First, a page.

It was 40 years ago today that President Richard Nixon, pictured sitting opposite then NASA Administrator James C. Fletcher on January 5, 1972, announced that the country "should proceed at once with the development of an entirely new type of space transportation system designed to help transform the space frontier of the 1970s into familiar territory."
The Space Transportation System may be no more, but in a sense we're in the same situation folks were back in '72, just one word different: waiting for the Deep Space Transportation System. In another 40 years, we'll be reading a story that's been piped to our iBrains about how the DSTS may be ending, but hey, we still got that lunar outpost and that colony on Mars.
While the consensus today is that the Shuttle didn't deliver on its promise of being cheap and frequent — original plans called for nearly 50 flights a year, and the fleet managed 135 missions in three decades — as someone who was standing on the lawn when Atlantis embarked on STS-135, it did deliver on being one of the single greatest representations of the heights humanity and engineering can soar to, both literally and figuratively.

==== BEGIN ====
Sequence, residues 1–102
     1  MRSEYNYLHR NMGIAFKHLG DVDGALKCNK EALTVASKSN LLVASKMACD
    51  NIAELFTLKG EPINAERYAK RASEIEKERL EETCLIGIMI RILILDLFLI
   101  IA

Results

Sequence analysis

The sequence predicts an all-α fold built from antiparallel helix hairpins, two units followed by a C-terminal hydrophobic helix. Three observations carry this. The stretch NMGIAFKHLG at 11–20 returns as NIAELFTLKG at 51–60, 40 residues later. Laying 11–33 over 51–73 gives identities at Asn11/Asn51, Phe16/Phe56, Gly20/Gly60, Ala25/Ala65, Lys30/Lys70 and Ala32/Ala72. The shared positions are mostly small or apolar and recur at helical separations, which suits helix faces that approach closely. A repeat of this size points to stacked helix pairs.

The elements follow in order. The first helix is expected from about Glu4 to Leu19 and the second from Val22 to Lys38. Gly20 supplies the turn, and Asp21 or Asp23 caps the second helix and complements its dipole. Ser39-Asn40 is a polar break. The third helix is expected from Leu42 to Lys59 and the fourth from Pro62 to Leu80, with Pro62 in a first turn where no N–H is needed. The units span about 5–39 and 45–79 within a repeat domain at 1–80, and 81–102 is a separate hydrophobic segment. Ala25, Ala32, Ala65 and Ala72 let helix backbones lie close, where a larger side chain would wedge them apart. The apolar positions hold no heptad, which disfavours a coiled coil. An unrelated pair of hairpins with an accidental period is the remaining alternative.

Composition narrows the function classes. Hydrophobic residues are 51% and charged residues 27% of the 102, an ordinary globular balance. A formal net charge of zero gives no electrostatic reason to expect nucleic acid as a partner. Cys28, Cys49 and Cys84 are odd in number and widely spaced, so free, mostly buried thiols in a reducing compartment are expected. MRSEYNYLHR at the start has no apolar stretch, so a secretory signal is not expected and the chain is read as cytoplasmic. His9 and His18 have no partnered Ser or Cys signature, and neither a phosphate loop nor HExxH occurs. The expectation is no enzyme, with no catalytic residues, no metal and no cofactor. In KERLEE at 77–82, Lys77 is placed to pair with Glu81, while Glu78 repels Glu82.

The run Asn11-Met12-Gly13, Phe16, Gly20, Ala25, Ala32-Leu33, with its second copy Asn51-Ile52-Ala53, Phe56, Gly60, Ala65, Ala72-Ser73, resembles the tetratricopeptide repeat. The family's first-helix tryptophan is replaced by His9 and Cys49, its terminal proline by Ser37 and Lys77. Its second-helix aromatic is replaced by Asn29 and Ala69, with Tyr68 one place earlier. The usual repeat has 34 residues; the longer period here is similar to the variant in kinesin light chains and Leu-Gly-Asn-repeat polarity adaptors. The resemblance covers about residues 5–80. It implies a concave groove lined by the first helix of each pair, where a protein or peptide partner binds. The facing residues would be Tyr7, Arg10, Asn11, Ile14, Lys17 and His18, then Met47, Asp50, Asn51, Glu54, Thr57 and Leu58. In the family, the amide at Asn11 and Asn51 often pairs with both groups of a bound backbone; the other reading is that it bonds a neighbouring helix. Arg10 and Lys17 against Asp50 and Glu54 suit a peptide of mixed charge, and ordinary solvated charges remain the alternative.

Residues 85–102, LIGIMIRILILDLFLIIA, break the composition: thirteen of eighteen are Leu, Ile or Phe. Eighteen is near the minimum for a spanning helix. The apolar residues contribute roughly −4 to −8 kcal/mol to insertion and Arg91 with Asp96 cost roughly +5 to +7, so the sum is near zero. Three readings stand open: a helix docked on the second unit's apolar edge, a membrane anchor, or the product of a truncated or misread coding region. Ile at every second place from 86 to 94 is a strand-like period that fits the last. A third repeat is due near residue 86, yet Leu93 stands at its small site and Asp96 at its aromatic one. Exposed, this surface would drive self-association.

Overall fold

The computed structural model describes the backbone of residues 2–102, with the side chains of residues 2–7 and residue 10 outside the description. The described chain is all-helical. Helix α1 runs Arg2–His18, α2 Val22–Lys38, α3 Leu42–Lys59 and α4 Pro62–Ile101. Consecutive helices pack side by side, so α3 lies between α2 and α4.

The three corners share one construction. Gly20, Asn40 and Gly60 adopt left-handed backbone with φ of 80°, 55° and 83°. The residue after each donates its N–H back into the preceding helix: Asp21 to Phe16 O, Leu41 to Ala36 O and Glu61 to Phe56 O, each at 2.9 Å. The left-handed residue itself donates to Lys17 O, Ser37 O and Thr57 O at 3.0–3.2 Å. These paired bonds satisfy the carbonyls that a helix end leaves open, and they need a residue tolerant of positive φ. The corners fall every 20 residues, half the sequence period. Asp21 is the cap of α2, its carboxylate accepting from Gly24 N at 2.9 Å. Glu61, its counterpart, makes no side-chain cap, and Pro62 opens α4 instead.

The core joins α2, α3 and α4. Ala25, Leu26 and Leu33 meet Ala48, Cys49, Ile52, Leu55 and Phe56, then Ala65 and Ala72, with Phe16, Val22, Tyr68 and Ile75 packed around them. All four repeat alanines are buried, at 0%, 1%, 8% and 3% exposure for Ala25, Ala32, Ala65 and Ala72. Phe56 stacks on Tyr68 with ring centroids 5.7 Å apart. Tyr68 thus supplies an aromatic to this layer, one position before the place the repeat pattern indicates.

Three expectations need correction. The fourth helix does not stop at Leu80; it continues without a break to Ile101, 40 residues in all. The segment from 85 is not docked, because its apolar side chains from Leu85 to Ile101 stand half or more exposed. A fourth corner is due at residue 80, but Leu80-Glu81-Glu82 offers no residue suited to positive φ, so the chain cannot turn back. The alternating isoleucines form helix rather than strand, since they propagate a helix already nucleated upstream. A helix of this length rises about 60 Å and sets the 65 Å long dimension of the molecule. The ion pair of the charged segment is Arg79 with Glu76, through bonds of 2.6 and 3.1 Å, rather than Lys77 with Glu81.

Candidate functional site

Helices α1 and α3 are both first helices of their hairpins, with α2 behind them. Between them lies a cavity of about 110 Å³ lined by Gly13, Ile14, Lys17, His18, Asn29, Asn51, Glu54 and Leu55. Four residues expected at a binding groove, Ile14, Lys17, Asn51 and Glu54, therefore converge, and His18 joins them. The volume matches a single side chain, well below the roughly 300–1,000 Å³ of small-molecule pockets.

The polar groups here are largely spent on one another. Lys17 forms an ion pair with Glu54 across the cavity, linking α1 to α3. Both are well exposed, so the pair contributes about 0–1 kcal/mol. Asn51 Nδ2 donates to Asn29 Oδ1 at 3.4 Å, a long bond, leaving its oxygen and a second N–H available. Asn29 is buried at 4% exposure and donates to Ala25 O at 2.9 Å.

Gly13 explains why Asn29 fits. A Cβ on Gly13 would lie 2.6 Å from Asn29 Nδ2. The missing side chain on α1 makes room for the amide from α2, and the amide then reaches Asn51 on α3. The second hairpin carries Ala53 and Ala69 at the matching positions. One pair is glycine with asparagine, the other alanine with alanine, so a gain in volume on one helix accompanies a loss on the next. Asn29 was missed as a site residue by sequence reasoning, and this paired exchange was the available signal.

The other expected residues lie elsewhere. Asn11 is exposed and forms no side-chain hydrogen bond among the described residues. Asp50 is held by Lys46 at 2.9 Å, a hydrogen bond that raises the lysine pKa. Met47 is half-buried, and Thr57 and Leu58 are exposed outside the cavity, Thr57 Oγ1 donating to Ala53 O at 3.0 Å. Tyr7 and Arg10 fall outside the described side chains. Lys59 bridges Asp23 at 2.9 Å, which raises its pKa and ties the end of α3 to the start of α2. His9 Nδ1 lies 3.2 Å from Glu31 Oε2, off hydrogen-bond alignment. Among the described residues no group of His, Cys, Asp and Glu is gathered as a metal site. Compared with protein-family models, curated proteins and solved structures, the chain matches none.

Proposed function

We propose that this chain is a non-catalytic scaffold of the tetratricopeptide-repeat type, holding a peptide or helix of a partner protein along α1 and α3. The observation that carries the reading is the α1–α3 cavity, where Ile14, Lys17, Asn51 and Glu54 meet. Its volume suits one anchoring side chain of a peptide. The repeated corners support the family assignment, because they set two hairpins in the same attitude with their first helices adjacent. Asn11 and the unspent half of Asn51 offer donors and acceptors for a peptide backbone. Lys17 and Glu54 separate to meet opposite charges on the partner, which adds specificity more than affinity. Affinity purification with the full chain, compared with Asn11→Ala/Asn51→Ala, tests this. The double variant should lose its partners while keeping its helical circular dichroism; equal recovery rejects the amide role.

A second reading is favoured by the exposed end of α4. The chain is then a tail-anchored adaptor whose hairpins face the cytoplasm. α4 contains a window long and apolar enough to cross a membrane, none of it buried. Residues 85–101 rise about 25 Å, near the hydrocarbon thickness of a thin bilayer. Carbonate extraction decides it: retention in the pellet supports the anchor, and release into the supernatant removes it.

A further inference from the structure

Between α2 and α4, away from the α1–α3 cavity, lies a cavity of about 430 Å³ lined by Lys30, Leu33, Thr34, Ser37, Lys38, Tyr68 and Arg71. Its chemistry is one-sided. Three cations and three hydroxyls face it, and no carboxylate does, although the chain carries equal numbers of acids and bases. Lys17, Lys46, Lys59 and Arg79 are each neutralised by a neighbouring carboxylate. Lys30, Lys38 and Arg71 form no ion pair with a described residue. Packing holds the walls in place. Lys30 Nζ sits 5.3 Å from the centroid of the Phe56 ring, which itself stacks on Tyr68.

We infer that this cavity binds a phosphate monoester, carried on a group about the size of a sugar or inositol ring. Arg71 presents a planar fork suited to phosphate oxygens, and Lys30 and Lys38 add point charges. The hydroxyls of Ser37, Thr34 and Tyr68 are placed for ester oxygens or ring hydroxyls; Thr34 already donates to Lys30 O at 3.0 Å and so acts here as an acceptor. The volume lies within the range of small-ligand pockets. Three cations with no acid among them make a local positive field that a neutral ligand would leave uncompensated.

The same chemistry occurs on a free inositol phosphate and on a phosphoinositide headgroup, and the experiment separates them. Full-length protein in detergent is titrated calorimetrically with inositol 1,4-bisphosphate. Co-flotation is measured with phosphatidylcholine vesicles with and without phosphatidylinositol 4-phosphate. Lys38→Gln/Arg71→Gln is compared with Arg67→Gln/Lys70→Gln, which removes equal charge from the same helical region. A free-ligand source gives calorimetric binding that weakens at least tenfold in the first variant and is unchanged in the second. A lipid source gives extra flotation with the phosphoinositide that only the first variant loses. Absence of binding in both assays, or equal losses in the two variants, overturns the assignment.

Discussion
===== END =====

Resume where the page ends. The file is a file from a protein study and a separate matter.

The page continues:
We've written quite a bit about the STS program, and I've selected some of our best pieces for you to glance back at down below. Additionally, you can read Nixon's full address, as well as Fletcher's vision, here.
More on The Shuttle
- 21 incredible things you didn't know about the Space Shuttle
- Space Shuttle program officially ends with Atlantis' safe return
- Astronaut snaps amazing aurora over Earth as Atlantis preps return
- 21 critical steps to getting a space shuttle ready for launch
- 46-photo timeline of Endeavour's last ever spacewalk
- Gallery: a visual history of the Space Shuttle's greatest hits